The Food and Drug Administration (FDA) has come in for criticism from a government watchdog for failing to adequately crack down on false and misleading food labeling.
In a damning 81-page report, the Government Accountability Office (GAO) accused the FDA of falling down in a number of key enforcement areas and said it had failed to “keep pace” with an expanding food industry.
The FDA was under-funded and wasteful of the scarce resources it did have which had led to a decline in the number of inspections, GAO said.
“As a result, FDA has little assurance that companies comply with food labeling laws and regulations for, among other things, preventing false or misleading labeling,” GAO stated.
Despite tens of thousands of foreign companies exporting foods into the US from more than 150 countries, only 96 inspections were performed in 2007 compared to 211 the year previous.
A secondary database the FDA’s Center for Food Safety and Applied Nutrition (CFSAN) had failed to eliminate despite giving a 2004 commitment to do so, was deemed wasteful by the GAO.
“FDA has reported that limited resources and authorities challenge its efforts to carry out its food safety responsibilities – these challenges also impact efforts to oversee food labeling laws,” GAO said.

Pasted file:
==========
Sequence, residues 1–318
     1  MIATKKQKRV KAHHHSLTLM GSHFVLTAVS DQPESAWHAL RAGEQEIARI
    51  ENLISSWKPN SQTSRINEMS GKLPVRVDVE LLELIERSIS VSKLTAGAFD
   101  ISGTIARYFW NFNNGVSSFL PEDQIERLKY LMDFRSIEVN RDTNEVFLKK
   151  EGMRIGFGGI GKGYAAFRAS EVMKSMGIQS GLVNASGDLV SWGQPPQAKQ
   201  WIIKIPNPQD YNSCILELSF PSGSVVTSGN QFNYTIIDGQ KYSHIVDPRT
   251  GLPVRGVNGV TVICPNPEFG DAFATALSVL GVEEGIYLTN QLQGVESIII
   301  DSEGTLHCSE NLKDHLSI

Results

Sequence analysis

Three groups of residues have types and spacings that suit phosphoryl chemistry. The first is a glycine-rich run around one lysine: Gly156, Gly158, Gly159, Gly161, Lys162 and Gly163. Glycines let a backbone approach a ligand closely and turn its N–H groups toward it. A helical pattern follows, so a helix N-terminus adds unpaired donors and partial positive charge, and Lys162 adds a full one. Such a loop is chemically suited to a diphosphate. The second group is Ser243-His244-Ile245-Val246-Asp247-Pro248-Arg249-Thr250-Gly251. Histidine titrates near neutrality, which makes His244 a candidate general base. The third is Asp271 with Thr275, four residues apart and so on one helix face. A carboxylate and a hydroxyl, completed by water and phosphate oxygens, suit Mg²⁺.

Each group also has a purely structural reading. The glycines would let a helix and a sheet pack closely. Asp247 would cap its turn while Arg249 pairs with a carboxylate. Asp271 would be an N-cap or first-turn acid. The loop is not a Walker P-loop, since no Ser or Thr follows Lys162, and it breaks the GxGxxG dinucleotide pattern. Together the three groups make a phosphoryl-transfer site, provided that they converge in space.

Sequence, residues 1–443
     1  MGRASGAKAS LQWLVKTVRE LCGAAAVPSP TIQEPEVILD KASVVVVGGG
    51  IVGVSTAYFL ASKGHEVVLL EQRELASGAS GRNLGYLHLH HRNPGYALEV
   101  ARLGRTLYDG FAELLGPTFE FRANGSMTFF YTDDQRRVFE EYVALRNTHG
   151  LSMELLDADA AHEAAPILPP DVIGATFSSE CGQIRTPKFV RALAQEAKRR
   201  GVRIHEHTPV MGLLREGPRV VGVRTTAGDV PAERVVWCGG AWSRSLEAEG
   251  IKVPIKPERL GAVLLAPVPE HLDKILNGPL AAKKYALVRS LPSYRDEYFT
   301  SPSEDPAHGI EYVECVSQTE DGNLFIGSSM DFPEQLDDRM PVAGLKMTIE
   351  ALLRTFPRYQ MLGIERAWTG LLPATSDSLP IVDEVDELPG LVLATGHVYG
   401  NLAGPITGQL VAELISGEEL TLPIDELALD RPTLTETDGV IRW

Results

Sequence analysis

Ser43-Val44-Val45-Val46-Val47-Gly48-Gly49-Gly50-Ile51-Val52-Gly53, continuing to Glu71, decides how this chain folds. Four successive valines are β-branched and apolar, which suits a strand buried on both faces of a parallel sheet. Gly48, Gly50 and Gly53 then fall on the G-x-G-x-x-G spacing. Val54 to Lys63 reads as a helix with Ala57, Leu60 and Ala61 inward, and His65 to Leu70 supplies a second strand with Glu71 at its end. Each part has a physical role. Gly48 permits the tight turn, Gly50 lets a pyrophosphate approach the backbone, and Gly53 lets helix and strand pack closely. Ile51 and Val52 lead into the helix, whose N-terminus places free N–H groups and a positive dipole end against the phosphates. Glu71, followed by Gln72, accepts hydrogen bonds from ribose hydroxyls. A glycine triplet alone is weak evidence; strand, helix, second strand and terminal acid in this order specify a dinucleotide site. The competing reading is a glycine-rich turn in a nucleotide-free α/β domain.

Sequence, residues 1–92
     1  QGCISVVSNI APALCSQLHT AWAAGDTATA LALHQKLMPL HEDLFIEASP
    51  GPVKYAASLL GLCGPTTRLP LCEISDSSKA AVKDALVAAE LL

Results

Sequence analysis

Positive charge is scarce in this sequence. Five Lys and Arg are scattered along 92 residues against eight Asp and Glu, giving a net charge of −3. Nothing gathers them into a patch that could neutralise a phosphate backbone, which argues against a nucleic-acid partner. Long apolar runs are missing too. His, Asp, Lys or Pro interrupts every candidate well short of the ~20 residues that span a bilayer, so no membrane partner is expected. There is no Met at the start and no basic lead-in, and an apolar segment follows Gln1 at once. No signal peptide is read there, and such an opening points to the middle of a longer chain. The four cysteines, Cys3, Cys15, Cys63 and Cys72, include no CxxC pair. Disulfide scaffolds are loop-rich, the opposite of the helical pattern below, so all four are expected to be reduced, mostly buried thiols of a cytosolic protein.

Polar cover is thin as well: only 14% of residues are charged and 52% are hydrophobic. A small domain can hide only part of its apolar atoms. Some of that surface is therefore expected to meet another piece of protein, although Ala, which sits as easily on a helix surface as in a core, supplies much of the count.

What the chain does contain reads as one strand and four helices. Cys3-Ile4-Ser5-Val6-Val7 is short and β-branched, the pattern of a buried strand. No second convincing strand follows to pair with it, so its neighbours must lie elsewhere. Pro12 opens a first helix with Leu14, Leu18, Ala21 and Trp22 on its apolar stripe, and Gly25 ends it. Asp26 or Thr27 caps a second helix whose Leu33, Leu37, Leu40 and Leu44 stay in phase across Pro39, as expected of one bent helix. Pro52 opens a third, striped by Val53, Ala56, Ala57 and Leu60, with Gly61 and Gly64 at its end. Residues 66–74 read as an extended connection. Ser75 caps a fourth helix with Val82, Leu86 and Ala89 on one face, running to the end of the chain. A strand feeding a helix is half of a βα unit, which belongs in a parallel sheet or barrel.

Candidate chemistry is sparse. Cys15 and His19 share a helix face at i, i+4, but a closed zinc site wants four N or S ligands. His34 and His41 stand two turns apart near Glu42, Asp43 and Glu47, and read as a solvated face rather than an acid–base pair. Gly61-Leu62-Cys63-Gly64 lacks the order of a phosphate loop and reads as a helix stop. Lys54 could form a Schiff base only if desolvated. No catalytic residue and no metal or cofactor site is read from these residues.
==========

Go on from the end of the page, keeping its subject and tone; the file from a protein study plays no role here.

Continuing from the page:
To make the FDA’s job easier, the GAO recommended a front-of-pack labeling scheme to better convey nutritional information to consumers similar to the Guideline Dietary Amount (GDA) scheme that had been voluntarily implemented by sections of the food industry in the UK, the Netherlands and Sweden.
It said the FDA should collaborate “with other federal agencies and stakeholders experienced in nutrition and health issues, to evaluate labeling approaches and options for developing a simplified, empirically valid system that conveys overall nutritional quality to mitigate labels that are misleading to consumers.”
Random samples of nutrition labels had not been carried out since 1999.
“The findings of this latest GAO investigation that the FDA seems incapable of preventing companies from providing false or misleading information to consumers are very troubling,” said Rosa DeLauro, chairwoman of the House Appropriations Subcommittee in charge of the FDA’s budget.
"These findings by the GAO seem to point to another example of how FDA mismanagement is failing consumers. As Congress moves next year toward reforming FDA's food safety responsibilities, this is another area that warrants close examination and potentially a major overhaul.”
The Center for Science in the Public Interest (CSPI) said the FDA’s policing activities were “astounding” for their lack of efficacy.
“Americans rely on food labels for accurate nutrition information to improve their diets and reduce their risk of heart disease, cancer, and diabetes,” said CSPI legal affairs director Bruce Silverglade. “These disturbing findings basically show that the FDA is looking the other way while consumers are being misled.”
CSPI senior staff attorney Ilene Ringel Heller added: “It’s astounding that FDA lacks reliable mechanisms to ensure that the Nutrition Facts label is accurate and that health-related claims are trustworthy. FDA needs to reorganize its labeling division and be given a new mandate from Congress to modernize food labels. Millions of Americans are counting on label information to protect their health.”
CSPI petitioned the FDA in 2006 to develop a universal front-of-label system about which the FDA held a public hearing in 2007. But no action has been taken as yet.